Alan Cheuse Reviews 'Breathing, In Dust'
MELISSA BLOCK, host:
From NPR News, this is ALL THINGS CONSIDERED. I'm Melissa Block.
Tim Hernandez is a poet who has expanded to prose. In his first book of stories, he evokes a small fictional town in California's Central Valley called Catela. The book is called "Breathing in Dust," and our reviewer Alan Cheuse has high praise.
ALAN CHEUSE: Catela is a small, down-at-heels farm town populated by undocumented farm workers, first generation Mexican-Americans, and some Greeks and Armenians. Most of these folks have no money. Those who have some spend what little they have on drugs, as in just about every story in this skein of related short narratives.
They have deep affection for one another, even though even blood relatives sometimes show it in violence or indifference.
A young local poet named Tlaloc toasts them all. To say Catela, he pronounces for us, is to say Chihuahua and Ararat and Grecia and Medina all in a single breath. To live it is a whole other tangle of vines.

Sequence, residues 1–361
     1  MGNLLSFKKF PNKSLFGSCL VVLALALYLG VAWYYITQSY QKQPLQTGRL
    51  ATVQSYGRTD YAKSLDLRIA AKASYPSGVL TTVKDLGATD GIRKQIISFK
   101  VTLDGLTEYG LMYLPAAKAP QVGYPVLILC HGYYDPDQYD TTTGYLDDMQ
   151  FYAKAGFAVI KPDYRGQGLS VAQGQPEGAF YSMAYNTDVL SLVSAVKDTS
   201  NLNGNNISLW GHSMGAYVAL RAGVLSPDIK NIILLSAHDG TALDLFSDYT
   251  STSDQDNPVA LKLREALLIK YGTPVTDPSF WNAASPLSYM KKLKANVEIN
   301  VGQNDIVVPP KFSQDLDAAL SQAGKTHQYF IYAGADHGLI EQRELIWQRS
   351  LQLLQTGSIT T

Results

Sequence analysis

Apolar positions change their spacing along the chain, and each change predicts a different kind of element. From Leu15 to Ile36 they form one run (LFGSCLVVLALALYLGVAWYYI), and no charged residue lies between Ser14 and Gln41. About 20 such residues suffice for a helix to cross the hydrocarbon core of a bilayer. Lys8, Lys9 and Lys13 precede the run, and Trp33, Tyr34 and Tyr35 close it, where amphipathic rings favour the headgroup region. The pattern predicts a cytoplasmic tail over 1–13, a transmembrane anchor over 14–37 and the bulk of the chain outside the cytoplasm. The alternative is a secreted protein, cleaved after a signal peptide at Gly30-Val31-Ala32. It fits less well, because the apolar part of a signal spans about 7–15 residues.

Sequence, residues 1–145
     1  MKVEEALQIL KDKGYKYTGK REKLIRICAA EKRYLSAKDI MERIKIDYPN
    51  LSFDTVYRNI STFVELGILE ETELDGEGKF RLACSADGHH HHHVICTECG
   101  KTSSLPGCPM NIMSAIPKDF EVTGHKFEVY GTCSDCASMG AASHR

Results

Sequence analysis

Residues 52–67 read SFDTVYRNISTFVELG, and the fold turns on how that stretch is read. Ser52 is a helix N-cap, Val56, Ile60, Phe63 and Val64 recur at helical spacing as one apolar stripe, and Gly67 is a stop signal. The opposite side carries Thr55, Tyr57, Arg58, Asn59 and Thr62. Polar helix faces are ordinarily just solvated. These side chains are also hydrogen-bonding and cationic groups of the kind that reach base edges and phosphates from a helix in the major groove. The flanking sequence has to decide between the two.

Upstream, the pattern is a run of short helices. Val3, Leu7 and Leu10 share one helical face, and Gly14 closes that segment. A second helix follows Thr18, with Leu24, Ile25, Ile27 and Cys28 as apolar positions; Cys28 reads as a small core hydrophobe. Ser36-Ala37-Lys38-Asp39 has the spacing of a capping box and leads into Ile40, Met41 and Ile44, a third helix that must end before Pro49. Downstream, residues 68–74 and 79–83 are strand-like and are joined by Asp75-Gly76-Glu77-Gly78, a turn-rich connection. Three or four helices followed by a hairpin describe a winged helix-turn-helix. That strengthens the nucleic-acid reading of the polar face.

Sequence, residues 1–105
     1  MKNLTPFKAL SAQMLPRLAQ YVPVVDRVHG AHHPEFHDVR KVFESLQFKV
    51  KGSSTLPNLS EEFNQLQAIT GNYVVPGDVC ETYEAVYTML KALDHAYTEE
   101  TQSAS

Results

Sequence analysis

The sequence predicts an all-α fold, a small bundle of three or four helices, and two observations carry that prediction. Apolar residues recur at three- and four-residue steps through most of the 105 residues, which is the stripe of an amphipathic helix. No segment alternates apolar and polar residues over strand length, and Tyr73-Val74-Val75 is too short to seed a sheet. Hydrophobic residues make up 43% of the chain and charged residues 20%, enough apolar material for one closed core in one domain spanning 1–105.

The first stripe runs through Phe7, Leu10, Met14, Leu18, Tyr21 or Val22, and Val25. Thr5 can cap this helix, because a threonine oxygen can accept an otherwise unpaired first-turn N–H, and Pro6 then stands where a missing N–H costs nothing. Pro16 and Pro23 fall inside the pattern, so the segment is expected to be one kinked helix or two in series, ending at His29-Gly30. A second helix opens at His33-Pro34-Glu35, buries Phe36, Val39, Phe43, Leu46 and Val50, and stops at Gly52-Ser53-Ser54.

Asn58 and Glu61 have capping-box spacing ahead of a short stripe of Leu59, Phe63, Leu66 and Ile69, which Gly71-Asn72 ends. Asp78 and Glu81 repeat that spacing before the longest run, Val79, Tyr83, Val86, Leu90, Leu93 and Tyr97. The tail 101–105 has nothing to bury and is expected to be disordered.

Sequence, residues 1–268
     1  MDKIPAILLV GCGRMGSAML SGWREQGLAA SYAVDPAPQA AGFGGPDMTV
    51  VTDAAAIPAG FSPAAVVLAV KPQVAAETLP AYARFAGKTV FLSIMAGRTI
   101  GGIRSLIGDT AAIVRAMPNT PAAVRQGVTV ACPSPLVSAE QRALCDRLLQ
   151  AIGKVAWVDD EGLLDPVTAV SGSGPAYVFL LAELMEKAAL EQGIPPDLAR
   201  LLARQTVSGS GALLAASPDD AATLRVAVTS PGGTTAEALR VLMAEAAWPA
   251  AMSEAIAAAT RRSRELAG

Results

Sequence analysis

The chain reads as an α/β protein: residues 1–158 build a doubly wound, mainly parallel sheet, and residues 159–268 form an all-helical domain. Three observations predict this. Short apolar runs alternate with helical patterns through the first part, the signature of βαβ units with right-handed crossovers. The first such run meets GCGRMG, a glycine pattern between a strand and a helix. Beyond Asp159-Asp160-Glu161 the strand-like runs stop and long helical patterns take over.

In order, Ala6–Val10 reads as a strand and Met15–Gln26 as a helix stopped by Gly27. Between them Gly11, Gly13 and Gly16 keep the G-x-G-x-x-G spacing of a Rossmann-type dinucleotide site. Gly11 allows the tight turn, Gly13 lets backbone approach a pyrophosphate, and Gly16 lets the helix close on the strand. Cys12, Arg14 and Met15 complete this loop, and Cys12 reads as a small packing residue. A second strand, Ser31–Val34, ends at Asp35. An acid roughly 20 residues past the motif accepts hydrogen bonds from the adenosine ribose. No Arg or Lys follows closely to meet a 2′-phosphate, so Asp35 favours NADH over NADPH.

For all its tangle of vines, Catela isnt much of an Eden, as we learn from following the adventures of young Tlaloc, who celebrates both the light of Catela and the darkness, in dramatized experiences of his own, in letters to a girlfriend and in the incantatory poem he reads to a small audience in an out-of-the-way cafe in a run-down L.A. neighborhood toward the end of the book.
When I die, the young poet chants, I want great ceremonies illuminating gray sulk of olive branches and junk piles where as a child I threw volcanic stones at abandoned engines, to witness the resonance echo against saffron foothills in autumn and how the swallowtails fled their mud nests and swarmed with bats in the dusk.
You feel that same incantatory power throughout this down and dirty and beautiful first book of fiction.
BLOCK: The collection of stories is called "Breathing In Dust" by Tim Hernandez. Our reviewer, Alan Cheuse, teaches writing at George Mason University.